Site of attempted forced removal via ocean steamer, Seattle. Photo by Tim Greyhavens
In his project No Place for Your Kind, Seattle-based photographer Tim Greyhaves documented historical sites from a little-known — yet one of the most violent — chapters of our history: ethnic cleansing and expulsion of Chinese immigrants. From the mid-1800s to early 1900s, the American West was settled by Chinese laborers, miners, and families. This was accompanied by over 150 known attempts to systematically and brutally drive the Chinese out via massacres, lynchings, riots, and burning homes and businesses to the ground (perpetrators went largely unpunished). Where once there were dozens of Chinese communities peppered across the West Coast and mountain regions, for the most part (except larger cities such as San Francisco, L.A., and Seattle), there is now no trace.
General area of the camp where five Chinese miners were murdered. Oro Grande, Idaho. Photo by Tim Greyhaves
Greyhaves also makes the connection between the ugly reaction to immigration then and currently. Both periods are marked by scapegoating and inhumane measures directed towards immigrants during an economic recession, and buttressed by fear of the “foreign Other”.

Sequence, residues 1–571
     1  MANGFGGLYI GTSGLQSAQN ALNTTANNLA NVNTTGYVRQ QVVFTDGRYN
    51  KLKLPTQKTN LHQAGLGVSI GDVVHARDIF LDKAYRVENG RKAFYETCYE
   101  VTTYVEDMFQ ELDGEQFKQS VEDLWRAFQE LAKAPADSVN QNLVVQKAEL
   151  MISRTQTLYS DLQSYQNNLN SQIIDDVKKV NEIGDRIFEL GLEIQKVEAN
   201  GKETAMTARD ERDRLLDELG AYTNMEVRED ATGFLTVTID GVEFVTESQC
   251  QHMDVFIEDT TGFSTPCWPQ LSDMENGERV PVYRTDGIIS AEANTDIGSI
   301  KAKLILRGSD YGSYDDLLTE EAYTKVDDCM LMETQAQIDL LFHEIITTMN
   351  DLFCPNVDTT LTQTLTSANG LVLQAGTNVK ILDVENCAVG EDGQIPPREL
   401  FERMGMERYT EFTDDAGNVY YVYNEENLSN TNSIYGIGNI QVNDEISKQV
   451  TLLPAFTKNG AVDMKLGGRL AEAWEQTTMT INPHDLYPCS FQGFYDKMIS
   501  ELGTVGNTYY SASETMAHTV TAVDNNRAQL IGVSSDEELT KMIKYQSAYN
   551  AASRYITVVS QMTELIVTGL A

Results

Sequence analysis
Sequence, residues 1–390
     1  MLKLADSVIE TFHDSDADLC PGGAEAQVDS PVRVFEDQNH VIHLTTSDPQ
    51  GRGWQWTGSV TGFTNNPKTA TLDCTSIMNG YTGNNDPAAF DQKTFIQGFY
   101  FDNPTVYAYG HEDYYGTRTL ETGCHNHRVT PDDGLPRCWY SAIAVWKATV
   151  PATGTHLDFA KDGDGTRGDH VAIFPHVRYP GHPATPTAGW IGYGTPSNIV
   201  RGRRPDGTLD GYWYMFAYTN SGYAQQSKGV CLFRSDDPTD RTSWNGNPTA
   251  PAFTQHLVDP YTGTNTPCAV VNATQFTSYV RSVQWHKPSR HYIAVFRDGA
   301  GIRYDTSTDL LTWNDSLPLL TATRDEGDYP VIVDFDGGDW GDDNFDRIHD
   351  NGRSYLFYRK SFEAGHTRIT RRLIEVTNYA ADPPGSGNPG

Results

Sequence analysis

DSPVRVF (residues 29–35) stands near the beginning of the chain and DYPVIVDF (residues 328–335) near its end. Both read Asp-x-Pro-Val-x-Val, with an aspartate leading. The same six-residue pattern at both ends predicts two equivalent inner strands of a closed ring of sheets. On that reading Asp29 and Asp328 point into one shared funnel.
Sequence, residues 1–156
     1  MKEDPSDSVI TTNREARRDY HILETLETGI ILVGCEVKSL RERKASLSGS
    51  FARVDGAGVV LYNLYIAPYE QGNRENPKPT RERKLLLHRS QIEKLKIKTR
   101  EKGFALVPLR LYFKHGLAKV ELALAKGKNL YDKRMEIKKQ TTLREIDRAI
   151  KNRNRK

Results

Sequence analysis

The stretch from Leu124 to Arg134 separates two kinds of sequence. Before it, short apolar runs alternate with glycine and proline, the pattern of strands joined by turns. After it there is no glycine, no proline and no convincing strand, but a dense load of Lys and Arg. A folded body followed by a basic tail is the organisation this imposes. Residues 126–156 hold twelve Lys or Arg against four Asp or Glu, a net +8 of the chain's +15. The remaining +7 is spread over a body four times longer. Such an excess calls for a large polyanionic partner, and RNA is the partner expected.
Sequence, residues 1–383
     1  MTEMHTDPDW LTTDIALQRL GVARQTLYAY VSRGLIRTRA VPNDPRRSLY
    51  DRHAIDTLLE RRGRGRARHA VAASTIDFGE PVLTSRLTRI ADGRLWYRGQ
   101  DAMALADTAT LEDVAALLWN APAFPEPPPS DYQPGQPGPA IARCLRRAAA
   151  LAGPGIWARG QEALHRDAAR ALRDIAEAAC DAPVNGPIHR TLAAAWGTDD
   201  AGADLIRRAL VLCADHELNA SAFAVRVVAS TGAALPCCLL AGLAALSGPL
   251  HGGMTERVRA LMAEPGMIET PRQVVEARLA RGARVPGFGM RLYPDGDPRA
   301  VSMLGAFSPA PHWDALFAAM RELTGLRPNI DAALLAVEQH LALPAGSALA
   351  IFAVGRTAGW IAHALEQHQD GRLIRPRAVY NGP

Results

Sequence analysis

For more info on this period check out Jean Pfaelzer’s excellent book Driven Out: The Forgotten War Against Chinese Americans. Pfaelzer also writes about how the Chinese fought back: organizing strikes and protests, ordering firearms from China, and even winning legal battles.
Greyhaves’ next project will focus on another unfortunate series of events in Washington state’s history – the building of the Grand Coulee Dam and its infringement on vital tribal fishing grounds and burial sites.
And keep an eye out for an upcoming exhibit on the Chinese Exclusion Act of 1882, which is scheduled to open at the New-York Historical Society in April 2014.
Thanks to R.J. Lozada for sharing